Soybean prices head to the overbought territory as it hits a 6-year high
- With an RSI of 78.24, soybean prices are headed to the overbought territory.
- Soybean futures are trading at $1253, which is the highest level since July 2014.
- China's recovering pig herd and South America's harsh weather has fueled soybean prices' upward momentum.
Soybean prices are headed to the overbought territory. With an RSI of 78.24, the prices are likely to pull back as the commodity investors take their profit. The soybean futures are up by 0.44% to trade at $1253. The price level is its highest since July 2014. The upward momentum is due to the unfavourable weather conditions in South America.
Adverse weather conditions in South America impact soybean prices
One of the factors that have contributed to the upward trend of soybean prices is the unfavourable weather conditions in South America. Over the past months, soybean-growing areas in Brazil and Argentina have been struggling with La Nina.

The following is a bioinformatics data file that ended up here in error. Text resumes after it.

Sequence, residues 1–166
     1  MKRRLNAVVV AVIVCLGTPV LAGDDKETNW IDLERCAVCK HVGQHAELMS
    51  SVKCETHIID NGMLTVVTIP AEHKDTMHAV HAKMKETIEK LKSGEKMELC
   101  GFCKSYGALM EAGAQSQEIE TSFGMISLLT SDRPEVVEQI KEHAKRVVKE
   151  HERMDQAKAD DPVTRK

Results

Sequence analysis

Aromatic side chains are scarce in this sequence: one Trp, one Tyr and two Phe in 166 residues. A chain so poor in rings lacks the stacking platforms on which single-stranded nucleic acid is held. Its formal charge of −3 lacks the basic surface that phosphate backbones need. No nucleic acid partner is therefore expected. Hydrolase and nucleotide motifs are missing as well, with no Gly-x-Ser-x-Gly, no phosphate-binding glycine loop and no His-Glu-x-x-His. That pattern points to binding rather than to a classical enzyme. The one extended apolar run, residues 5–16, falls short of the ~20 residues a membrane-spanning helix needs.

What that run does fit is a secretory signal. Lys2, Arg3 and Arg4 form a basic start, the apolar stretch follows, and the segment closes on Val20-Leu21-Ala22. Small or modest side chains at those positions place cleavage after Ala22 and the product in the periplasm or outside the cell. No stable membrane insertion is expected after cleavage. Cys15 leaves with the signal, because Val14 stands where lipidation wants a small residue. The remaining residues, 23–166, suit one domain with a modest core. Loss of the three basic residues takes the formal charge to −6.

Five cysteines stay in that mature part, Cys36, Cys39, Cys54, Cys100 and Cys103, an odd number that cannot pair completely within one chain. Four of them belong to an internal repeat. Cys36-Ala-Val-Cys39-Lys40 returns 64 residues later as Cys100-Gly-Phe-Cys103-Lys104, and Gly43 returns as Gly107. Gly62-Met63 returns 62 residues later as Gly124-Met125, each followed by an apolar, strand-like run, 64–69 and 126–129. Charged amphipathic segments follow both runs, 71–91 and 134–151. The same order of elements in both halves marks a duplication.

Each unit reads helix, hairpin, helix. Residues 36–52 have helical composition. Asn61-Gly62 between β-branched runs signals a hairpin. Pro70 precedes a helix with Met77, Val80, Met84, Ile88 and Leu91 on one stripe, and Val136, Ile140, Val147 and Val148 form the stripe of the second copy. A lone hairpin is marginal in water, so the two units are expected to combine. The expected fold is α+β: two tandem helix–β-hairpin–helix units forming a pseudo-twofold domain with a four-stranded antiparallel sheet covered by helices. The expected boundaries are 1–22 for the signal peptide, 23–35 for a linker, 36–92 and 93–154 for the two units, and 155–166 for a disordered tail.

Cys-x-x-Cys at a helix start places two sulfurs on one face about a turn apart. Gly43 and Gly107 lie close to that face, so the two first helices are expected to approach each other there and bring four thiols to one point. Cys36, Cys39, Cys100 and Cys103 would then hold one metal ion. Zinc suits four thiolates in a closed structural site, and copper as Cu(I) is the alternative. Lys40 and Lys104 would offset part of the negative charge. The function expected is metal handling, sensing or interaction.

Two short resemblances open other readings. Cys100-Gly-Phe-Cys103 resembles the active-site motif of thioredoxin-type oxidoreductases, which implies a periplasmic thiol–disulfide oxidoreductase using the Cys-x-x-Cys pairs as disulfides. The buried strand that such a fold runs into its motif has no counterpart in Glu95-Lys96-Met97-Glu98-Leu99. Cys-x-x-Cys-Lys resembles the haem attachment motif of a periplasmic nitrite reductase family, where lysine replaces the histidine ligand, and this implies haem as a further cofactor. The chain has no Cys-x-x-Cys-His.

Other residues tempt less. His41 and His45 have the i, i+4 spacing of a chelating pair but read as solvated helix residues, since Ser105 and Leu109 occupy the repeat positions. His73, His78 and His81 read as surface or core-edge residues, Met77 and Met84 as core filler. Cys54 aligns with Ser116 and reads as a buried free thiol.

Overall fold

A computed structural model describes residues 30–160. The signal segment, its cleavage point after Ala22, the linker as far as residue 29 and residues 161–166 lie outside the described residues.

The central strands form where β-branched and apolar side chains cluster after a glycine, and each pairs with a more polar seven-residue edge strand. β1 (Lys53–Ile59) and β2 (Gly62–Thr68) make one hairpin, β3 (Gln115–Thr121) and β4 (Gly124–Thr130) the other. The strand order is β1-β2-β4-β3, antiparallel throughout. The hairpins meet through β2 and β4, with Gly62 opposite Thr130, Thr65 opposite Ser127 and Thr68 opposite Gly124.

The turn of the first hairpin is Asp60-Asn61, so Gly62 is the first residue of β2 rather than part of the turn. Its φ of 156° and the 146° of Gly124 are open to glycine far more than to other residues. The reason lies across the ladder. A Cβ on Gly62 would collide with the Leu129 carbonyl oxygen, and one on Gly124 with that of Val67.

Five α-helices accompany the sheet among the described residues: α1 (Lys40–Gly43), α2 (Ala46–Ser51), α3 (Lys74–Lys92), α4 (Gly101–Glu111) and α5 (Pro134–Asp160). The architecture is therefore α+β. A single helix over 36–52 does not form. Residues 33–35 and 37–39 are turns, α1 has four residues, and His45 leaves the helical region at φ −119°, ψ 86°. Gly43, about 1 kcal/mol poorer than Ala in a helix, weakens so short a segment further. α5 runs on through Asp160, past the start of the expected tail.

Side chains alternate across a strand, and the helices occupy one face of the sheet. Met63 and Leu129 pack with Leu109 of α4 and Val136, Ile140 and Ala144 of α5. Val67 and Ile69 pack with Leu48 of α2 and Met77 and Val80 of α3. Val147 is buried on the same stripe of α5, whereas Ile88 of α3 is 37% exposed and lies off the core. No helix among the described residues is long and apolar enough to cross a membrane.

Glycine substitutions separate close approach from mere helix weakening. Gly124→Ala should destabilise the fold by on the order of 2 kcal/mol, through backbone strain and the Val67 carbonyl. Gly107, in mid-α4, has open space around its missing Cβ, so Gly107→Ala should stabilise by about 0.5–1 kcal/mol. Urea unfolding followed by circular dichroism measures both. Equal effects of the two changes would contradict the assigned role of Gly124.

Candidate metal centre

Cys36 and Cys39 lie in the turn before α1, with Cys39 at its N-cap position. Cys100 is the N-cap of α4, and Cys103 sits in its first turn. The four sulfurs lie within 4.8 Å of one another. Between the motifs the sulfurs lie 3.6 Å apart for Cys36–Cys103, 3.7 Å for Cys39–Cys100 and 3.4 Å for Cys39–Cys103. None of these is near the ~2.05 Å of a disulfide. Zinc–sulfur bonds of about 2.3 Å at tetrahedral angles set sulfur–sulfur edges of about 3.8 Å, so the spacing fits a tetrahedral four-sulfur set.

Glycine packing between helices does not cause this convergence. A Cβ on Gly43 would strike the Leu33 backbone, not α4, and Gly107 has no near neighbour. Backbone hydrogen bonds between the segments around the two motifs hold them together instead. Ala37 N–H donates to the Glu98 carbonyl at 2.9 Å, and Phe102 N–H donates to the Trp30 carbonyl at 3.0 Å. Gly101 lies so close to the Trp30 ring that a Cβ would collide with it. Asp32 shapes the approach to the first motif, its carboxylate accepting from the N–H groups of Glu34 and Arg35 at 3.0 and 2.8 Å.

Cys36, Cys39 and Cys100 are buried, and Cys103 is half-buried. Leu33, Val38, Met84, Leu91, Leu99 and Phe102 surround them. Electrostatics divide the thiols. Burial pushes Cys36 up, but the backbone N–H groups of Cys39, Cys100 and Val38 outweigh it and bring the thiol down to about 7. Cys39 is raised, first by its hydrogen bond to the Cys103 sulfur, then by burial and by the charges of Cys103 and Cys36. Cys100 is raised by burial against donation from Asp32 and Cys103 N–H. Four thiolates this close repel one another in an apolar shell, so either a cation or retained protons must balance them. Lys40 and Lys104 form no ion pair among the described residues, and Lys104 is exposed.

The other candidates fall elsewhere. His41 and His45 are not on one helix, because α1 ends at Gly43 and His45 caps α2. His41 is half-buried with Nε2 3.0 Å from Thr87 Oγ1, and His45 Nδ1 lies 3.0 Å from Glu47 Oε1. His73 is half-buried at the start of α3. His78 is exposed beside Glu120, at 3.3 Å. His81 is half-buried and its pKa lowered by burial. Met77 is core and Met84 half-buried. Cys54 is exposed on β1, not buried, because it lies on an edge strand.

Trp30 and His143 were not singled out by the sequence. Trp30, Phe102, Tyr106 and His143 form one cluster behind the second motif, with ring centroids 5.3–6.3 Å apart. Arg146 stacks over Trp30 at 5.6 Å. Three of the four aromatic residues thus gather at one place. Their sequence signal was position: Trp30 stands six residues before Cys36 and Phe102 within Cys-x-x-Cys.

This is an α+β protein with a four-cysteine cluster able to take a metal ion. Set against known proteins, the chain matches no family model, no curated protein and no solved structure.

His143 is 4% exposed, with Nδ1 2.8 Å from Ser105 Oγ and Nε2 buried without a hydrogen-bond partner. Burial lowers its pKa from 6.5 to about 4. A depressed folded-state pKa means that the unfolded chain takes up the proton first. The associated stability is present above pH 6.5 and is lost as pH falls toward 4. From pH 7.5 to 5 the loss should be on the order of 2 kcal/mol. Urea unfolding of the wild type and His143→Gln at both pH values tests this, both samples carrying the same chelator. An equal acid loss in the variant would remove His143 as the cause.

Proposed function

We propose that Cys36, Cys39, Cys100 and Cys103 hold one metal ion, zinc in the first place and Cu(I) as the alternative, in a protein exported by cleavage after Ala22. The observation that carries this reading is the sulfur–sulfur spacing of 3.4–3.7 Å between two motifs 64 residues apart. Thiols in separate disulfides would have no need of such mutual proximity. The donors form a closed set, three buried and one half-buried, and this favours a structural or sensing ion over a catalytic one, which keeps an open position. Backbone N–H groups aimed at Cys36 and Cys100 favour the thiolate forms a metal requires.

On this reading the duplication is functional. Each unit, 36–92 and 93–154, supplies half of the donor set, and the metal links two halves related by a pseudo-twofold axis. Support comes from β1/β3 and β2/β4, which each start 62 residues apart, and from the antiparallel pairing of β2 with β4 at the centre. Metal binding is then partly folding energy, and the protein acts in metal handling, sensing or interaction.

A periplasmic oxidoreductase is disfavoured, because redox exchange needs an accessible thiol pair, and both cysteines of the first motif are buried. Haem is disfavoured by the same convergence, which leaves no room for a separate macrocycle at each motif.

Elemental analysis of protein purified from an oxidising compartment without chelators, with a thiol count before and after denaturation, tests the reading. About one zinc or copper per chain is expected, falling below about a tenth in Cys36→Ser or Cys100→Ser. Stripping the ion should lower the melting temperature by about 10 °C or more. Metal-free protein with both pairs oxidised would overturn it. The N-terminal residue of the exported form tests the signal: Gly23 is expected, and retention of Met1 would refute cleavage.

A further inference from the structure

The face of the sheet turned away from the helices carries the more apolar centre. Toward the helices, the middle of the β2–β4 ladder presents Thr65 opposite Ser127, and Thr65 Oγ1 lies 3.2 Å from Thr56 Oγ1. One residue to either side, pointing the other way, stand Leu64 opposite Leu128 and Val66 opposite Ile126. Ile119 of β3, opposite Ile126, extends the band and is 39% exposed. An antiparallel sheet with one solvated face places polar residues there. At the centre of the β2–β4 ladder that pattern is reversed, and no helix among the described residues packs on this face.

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At the onset of December, weather watchers in the soybean market were hopeful that the situation would improve after rainfall hit the Brazilian ground. However, the recorded amount is below normal, with temperatures remaining above normal.
Most regions within Brazil have received rainfall of about 20%-50% of the usual amount. In Argentina, farmers have continued to struggle with drought. These conditions have heightened concerns over the commodity’s supply
Regarding the issue, Al Kluis of Kluis Advisors has stated, “It was another dry week, last week, across most of Argentina. The hit-and-miss rain pattern continued in Brazil. Watch crop conditions in Argentina. For soybeans, the ratings are 50% good to excellent. This is down 5% from last week and down 3% from last year.”
In December’s WASDE report, the US Department of Agriculture reduced its estimate for soybean production in Argentina by 1 million tonnes. The adjustment resulted from a reduction of the harvested area.
China’s recovering pig herd heightens the demand for soybeans
On Tuesday, an executive at COFCO, which is a state-run grains trader in China, indicated that the country is set to import over 100 million tonnes of soybeans in the current year.
The rising demand for the commodity is due to the increase of its pig herd. The country’s Ministry of Agriculture and Rural Affairs has stated that the pig herd had recovered to over 90% of the normal levels as at the end of November. Agricultural officials expect full recovery within the first half of 2021. Slightly over a year ago, the Middle Kingdom’s pig herd had declined by 40% due to swine fever.
The progress in China’s pig farming has resulted in a higher demand for feeds, an aspect that has translated to higher soybean prices.